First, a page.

All naked and confused: the problem of self-awareness
This is a guest post by Dan Leatherdale from AGL Communications.
In this second piece on AGL’s authenticity model we look at the first level: self-awareness – what we really stand for, what we really think and feel, and what we really want to say.
Authenticity begins with self-understanding – which sounds simple, but can be hard, like dancing with wolves or synchronised swimming.
It’s a conundrum that plays out repeatedly on the world’s bookshelves and in the world’s theatres: whole compendia pivot on the sounds of scales falling from eyes, as a person sees that the self they thought they were is a mere figment of the imagination.
Think, for a second, of King Lear. With an air of benign nobility, he bequeaths his kingdom according to which of his three daughters loves him most – or at least is the most willing to fill the air with rhetorical fireworks.
Within an hour of stage time, this foolishness has undone him, and we find him naked, howling at the open skies in great mental confusion. Only now, at his most vulnerable, is he properly self-aware. He sees where he went wrong, and he feels devastated; but from this moment on, every phrase he speaks is simple and clear and true.
Now, most of us don’t spend our time running nude in the rain over sovereign land (though perhaps I should speak for myself). Nevertheless, we are all primed to be self-delusional. From childhood, we learn a partly written code that prescribes, and proscribes, what we should think and feel in certain situations. Spurred on by social pressure, we learn to suppress any thoughts and feelings, even physiological responses, that lie in the forbidden lands beyond the code (which isn’t meant to sound quite so Dan Brown).
The result can be what psychotherapist Carl Rogers called self-alienation: a state of being disconnected from our true selves. This makes us unhappy and less effective, especially when it comes to communication*. It’s like we’ve built a wall to divide the real us from the outside world, and we can only communicate by lobbing things over this wall in the hope of connecting meaningfully with other people. Eventually we forget where we end and where the wall begins.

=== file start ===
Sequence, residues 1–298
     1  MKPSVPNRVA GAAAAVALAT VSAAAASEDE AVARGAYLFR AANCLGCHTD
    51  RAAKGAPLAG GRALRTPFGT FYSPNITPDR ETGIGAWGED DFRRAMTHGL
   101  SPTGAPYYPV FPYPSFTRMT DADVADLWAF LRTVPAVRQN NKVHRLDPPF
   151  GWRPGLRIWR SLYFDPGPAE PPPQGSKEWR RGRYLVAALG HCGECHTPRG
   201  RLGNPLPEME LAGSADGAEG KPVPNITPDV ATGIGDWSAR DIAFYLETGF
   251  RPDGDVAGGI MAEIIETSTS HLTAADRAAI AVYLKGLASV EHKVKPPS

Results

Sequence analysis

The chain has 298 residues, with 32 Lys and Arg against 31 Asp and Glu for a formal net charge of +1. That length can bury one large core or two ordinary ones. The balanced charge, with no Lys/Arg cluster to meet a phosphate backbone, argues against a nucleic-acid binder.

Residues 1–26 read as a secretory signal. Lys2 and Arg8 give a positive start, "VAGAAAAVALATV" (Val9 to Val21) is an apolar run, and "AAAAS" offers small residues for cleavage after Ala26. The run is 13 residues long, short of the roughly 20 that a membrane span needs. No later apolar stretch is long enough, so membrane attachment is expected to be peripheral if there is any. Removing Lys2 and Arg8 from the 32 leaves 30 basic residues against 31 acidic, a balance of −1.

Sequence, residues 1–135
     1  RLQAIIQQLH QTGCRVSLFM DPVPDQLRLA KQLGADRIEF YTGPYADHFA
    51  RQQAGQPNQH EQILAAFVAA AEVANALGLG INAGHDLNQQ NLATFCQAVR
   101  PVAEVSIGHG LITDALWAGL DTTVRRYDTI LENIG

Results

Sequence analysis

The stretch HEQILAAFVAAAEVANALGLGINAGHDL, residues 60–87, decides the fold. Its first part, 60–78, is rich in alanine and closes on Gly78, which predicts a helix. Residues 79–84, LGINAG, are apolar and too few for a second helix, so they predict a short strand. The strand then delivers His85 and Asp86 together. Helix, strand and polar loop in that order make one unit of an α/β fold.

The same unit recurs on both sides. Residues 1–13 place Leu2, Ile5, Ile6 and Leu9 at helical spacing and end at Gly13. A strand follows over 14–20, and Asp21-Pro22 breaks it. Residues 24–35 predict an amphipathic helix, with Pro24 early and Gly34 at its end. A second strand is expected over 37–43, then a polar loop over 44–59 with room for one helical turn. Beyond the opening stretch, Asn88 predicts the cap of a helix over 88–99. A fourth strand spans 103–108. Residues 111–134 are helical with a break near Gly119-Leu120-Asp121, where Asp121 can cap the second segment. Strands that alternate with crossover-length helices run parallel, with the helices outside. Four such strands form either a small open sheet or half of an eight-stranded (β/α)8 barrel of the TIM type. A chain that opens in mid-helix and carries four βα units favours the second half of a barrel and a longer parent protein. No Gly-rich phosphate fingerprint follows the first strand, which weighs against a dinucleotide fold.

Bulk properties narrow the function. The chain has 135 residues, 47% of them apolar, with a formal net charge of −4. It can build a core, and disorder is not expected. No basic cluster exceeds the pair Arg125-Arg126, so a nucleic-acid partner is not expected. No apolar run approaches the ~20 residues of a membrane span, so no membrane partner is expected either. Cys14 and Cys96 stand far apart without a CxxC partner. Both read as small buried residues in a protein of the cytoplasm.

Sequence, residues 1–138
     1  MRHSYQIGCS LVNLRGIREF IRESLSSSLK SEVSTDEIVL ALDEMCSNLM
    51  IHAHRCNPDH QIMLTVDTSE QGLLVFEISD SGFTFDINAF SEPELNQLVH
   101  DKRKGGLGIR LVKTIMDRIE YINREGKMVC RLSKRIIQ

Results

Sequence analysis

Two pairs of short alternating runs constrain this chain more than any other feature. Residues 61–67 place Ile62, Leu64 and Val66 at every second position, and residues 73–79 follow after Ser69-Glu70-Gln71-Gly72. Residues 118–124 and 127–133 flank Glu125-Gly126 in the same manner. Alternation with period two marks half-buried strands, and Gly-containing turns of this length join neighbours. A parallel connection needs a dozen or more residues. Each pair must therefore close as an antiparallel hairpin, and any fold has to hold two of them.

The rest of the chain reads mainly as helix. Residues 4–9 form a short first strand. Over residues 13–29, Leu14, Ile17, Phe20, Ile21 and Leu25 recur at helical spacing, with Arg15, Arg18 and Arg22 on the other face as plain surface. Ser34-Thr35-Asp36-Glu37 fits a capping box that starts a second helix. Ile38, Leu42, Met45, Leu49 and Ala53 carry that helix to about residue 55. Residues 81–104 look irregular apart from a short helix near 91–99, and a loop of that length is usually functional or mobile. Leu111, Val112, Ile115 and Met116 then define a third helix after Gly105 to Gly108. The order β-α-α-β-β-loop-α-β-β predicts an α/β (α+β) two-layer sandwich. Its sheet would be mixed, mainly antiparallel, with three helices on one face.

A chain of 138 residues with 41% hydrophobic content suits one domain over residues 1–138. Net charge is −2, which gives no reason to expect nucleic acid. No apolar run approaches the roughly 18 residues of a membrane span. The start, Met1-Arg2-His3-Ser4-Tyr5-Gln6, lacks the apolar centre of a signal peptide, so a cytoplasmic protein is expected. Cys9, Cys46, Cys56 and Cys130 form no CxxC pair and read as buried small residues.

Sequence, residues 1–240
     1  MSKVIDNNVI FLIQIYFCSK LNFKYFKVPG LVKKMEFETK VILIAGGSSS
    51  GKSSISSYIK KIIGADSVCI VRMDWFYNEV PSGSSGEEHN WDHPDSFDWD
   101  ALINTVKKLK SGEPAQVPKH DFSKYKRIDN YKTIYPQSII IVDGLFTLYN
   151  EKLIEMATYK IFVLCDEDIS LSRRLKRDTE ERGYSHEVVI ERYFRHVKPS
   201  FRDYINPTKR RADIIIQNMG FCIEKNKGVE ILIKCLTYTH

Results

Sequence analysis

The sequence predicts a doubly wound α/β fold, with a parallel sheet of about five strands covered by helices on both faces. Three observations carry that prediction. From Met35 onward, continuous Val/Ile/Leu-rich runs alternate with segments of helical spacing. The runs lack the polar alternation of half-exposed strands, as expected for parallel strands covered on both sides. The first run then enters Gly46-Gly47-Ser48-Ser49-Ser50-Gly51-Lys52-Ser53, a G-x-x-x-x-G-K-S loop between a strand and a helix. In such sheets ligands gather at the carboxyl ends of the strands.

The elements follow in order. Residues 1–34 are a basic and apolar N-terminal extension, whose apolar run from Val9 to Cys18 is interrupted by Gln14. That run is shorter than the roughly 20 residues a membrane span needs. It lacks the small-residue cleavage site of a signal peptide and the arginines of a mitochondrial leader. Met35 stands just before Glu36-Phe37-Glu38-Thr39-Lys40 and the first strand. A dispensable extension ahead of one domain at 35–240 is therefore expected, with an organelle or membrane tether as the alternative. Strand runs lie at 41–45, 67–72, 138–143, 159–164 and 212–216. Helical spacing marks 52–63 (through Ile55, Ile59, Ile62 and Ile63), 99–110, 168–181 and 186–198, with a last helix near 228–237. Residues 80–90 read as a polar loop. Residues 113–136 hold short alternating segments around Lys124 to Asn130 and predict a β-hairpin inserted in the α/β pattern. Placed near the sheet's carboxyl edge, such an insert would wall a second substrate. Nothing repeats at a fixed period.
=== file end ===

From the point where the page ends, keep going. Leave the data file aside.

Regaining self-awareness is an act of uncovering our own ‘personal narrative’: what we stand for, where we’re going, and why anyone else should follow. This takes a mix of reflection, experimentation and some gentle provocation, but it can be energising. Indeed, the leaders we coach at AGL have found it an invigorating process that takes the noise out of their communication, leaving a crystal clear signal that connects directly to what they really want to say.
In the next blogs on our Authenticity Model, we discuss how this gives leaders the means they need to express themselves in a congruent and compelling way so they can connect meaningfully with the people around them. And here’s the rub: you can’t be a transformational leader unless you do that.
* Wood et al. (2008). The authentic personality: A theoretical and empirical conceptualization and the development of the Authenticity Scale. Journal Of Counseling Psychology, 55(3), 385-399